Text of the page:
Skip to content
All posts

How Many of These Team Lead Qualities Are You Already Displaying?

A quality is defined as an essential, distinctive or defining characteristic. Certain team lead qualities distinguish the most effective team leaders. They stand out because they display these distinctive team lead qualities. 

In last week's post, we reviewed five essential (but surprising) skills for team leaders. This week, as our series on being a good leader continues, you can assess yourself on 15 team lead qualities that will make you a stand out. According to the research by Jim Kouzes and Barry Posner, authors of The Leadership Challenge® and the newly released book Learning Leadership, four items consistently rank highest when people are asked to identify the characteristics of leaders they admire.

Those four team lead qualities from the Kouzes/Posner research are:

1. Honesty

2. Competence

3. Inspiring

4. Forward-Looking

Taken together, three of these team lead qualities parallel the primary ingredients for credibility. We believe sources when they are trustworthy (honest), have expertise in the subject-matter (competence), and display dynamism (are inspiring). As a team leader, these are your "price of admission" qualities, the ones that first enable others to consider you as a person they might willingly follow.

The fourth -- being forward-looking -- distinguishes a leader from all other credible sources. It's looking beyond the status quo that engages followers. A team leader who is going somewhere is more likely to enlist followers who support that forward motion.

Mike Sprouse, author of The Greatness Gap, offers five more essential team lead qualities.

5.  Humility

6. Empowering

7. Collaborative

8. Communicative

9. Fearlessness

The first of Sprouse's suggested qualities -- humility -- is a prerequisite for the other four he lists. Humility is not a sign of weakness, as some mistakenly perceive it to be. Instead, humility is a show of strength. It is the admission of limitations and the openness to continually learn and grow. Failing to acknowledge limitations is defined as pride (the real weakness).

With humility and the accompanying openness to learn, a team leader can more readily collaborate and empower others. The team leader who doesn't let pride get in the way will want others contributions and will see value in drawing out others' ideas.

To facilitate engagement and collaboration, this leader will also be highly communicative. That's 2-way communication, listening for others' ideas and feedback at all times.

Finally, humility makes it possible to operate with less fear. A prideful leader becomes a fearful leader, afraid to be exposed for what isn't know and clinging desperately to an unrealistic standard. By contrast, the leader who is more humble can experiment and take risks. By being open to learning and seeing the value in learning, this leader can understand the value of failure as a teacher.

 The author of 18 Holes for Leadership, Nancy Clark, names these three team lead qualities.

10. Genuine.

11. Self-aware.

12. Supportive.

Clark's selections illuminate the balance a strong leader must establish between self-awareness and other-orientation. Effective leaders aren't wrapped up in themselves, their egos or their own agendas. They do, however, possess an ability to understand how their words and actions impact others. They are thoughtful about how they will impact others.

Simultaneously, they are not manipulative. Even as they think through the impact their words and actions will have, they are genuine and authentic in what they say and do. With an intent to be supportive. they are able to genuinely calibrate how they respond to others.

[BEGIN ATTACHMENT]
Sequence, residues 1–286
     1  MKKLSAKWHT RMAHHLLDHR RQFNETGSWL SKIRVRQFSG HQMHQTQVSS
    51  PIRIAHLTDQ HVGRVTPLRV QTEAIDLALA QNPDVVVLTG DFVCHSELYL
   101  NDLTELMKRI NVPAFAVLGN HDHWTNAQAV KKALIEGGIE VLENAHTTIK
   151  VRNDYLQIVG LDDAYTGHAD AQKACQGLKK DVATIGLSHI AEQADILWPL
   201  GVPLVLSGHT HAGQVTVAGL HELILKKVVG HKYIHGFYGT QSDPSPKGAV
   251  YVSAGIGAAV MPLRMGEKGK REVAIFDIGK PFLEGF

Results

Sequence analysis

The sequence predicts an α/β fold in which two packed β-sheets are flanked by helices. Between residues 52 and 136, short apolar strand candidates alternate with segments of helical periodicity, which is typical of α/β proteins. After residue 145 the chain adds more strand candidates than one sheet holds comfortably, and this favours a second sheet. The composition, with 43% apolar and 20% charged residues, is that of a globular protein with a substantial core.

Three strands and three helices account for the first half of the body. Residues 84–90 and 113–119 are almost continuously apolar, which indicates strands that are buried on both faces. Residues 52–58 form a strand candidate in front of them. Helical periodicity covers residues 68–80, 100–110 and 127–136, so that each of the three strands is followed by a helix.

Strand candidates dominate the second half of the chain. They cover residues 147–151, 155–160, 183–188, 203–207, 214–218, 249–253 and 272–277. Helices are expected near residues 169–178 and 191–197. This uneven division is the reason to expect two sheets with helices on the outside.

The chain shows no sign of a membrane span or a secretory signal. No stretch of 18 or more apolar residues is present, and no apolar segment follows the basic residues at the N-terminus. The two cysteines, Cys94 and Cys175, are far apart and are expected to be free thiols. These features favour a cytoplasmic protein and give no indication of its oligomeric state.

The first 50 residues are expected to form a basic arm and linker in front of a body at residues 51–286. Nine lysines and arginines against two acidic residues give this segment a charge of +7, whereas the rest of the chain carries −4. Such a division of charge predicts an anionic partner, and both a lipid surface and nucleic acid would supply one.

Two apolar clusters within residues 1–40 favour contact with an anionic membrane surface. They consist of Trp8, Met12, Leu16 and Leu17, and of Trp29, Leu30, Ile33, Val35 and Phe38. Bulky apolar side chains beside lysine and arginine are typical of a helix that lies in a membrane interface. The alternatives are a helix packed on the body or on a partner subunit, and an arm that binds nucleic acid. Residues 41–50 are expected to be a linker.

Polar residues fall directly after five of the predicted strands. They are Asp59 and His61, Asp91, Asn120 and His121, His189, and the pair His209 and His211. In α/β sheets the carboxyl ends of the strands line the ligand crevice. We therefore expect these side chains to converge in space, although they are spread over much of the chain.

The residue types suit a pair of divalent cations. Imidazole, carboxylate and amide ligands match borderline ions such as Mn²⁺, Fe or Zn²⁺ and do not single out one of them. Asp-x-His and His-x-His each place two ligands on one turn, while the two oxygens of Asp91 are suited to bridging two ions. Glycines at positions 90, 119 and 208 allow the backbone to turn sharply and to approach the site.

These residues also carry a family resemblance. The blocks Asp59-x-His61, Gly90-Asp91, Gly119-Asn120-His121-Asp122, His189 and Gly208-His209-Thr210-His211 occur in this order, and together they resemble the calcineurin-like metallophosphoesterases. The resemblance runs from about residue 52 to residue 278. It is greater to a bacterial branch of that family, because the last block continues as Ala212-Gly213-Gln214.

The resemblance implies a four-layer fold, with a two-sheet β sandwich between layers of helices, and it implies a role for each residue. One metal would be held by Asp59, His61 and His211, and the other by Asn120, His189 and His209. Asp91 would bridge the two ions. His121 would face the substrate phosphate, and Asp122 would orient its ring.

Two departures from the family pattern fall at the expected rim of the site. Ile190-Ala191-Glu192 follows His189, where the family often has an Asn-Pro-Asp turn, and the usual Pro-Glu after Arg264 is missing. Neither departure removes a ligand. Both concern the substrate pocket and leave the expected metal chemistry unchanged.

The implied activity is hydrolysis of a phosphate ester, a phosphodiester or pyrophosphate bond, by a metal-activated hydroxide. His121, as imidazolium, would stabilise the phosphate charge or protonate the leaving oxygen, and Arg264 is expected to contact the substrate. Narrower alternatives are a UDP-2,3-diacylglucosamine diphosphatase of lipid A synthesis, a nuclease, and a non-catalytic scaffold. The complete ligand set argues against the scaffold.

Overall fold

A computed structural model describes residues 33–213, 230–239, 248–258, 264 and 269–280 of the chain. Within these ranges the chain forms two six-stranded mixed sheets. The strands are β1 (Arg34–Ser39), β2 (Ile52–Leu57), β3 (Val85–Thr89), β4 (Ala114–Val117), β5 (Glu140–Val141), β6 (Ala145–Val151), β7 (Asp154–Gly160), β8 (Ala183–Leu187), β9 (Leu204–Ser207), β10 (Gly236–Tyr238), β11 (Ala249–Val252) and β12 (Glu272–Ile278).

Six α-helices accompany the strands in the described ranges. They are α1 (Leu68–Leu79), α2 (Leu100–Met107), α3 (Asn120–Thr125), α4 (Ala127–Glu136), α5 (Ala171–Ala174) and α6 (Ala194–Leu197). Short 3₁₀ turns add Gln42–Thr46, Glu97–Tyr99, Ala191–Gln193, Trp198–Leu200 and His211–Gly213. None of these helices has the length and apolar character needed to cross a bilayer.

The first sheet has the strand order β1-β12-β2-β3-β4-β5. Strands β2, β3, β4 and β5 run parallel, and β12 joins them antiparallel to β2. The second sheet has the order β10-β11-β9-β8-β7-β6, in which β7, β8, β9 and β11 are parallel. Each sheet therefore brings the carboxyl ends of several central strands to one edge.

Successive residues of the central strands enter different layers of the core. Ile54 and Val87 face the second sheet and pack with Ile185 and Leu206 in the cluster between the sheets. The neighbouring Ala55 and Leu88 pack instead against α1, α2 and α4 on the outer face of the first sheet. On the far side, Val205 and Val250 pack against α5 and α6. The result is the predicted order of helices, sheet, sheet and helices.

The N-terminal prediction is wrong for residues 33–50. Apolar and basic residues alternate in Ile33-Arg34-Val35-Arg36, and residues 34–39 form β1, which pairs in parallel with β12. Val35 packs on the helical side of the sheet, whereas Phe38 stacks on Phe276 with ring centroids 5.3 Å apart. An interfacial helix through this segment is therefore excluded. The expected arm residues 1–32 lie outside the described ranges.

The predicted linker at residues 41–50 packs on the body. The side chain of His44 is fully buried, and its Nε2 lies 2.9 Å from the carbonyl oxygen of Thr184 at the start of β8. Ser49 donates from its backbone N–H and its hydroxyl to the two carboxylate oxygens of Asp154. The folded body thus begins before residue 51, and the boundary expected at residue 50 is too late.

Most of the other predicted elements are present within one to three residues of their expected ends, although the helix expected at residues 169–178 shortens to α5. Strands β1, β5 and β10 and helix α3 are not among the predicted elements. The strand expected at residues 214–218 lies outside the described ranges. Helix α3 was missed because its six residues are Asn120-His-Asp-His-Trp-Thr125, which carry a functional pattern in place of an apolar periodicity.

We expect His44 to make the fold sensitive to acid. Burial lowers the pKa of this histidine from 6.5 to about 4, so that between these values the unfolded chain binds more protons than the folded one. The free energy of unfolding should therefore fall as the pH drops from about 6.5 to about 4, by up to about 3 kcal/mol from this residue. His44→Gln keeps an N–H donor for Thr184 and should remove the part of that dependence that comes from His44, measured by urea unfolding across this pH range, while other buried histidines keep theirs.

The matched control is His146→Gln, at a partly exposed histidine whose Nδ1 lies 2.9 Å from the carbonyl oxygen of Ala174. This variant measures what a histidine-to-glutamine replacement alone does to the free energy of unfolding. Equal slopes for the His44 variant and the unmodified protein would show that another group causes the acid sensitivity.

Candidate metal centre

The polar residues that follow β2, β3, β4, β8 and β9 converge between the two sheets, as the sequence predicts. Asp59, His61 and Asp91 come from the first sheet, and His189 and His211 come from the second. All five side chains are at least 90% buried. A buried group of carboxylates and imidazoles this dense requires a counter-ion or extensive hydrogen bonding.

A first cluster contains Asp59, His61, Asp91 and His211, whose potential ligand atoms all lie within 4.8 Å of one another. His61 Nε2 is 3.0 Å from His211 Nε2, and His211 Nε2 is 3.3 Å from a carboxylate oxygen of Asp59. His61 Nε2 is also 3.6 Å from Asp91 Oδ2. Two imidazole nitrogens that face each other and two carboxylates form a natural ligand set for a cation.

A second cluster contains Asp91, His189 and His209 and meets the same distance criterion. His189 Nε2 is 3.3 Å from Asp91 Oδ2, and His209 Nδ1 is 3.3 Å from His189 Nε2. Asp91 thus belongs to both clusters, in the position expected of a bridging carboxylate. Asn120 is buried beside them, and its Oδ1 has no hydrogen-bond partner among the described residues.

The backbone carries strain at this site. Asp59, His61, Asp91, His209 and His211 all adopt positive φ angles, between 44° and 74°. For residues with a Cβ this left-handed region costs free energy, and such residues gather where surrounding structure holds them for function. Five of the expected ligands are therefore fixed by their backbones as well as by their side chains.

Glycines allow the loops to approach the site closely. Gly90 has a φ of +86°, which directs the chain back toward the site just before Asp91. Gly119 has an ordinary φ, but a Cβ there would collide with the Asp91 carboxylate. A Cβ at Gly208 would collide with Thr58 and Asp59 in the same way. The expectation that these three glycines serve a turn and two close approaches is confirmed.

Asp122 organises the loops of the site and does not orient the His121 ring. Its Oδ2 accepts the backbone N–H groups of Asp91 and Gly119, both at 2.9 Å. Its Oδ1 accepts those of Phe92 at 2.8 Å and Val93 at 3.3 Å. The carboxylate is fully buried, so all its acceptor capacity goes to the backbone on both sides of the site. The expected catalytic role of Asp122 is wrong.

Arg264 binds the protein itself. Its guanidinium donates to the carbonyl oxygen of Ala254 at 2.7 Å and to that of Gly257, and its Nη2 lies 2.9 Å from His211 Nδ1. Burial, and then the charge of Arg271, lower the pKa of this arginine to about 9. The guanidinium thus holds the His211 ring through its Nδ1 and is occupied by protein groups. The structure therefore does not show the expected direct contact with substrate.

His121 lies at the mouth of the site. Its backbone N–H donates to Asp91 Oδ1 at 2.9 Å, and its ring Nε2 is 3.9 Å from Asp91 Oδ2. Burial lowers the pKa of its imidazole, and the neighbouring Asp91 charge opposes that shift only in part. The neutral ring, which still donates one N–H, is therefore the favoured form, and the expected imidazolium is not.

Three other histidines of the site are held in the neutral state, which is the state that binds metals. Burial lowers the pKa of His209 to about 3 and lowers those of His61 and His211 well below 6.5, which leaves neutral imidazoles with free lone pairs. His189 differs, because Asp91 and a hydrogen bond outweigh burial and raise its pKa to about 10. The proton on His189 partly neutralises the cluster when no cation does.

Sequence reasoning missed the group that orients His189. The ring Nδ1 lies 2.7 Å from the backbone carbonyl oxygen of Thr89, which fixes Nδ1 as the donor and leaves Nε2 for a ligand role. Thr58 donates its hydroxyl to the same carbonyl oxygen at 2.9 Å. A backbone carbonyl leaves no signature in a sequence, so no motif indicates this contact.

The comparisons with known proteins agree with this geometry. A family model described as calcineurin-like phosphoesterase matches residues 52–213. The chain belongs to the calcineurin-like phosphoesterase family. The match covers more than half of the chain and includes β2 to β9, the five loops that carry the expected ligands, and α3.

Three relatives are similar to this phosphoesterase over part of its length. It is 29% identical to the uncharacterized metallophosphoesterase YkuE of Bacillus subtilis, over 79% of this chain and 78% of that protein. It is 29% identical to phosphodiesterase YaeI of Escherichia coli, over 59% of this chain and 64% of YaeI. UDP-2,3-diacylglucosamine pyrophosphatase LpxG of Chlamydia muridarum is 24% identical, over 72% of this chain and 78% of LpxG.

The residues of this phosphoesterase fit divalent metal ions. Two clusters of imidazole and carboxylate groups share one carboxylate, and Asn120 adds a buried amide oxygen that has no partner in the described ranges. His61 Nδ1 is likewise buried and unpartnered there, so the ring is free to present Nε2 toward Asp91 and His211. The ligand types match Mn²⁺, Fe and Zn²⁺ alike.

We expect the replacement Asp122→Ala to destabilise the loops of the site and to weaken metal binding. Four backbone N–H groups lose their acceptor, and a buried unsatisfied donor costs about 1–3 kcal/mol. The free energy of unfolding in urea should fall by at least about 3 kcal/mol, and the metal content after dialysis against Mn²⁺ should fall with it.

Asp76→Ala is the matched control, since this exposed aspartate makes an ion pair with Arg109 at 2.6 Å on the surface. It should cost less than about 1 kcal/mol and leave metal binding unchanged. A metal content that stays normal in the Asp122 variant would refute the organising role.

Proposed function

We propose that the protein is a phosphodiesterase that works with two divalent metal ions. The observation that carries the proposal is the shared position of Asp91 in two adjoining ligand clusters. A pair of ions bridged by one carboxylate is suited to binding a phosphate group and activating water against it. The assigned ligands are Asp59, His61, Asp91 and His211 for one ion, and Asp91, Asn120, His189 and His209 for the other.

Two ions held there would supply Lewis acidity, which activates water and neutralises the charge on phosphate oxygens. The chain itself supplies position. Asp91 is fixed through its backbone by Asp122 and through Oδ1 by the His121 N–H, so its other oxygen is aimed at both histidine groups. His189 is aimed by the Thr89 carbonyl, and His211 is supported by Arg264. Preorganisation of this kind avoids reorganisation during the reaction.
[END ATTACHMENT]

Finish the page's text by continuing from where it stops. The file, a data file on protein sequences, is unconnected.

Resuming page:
John Maxwell's contributions round out this list of team lead qualities you may already be displaying.

13. Courage

14. Focus

15. Generosity

Maxwell is the author of 13 books on leadership (which he defines as influence). Among the qualities of leaders that he believes are paramount, he offers these three that matter in keeping things moving forward.

The courage to act, even when afraid, sets strong leaders apart from others who let fear stand in their way.

Focusing on outcomes and doing what's best bolsters a leader's courage and commitment to act. Without focus, a leader bounces from one interest to the next, never really building momentum in any area.

Generosity also fuels forward motion. An effective team leader has generosity of spirit, giving others the benefit of the doubt, giving others trust and opportunities to grow. This leader is also generous with his or her time, available to coach and mentor people as they grow. By building people, this leader ensures long-term and sustainable success will result from the team's efforts.

How did you stack up in these 15 team lead qualities?

If you're like most leaders (whether titled or not, new to leadership or not) you already display some of these qualities. Recognizing why they matter may help you to display them even more often and more deliberately.

If you're like most leaders, there are some items on this list that you don't display as often. Making a conscious choice to increase your awareness and use of these qualities will help you to become more effective.

Leadership is largely a choice. All of these qualities are within your reach. They is nothing on this list that is reserved for a select few who were born innately able to do these things. You can choose to act in any or all of these ways. Doing so will require no special training or discipline. Each is simply a choice.

If you'd like to stand out as a team lead, don't bank on the authority that comes with a formal role. It won't guarantee success the way displaying these qualities will.

The CONNECT2Win Blog has been discontinued. The CONNECT2Lead Blog continues, and you'll find free and affordable resources for team on People First Leadership Academy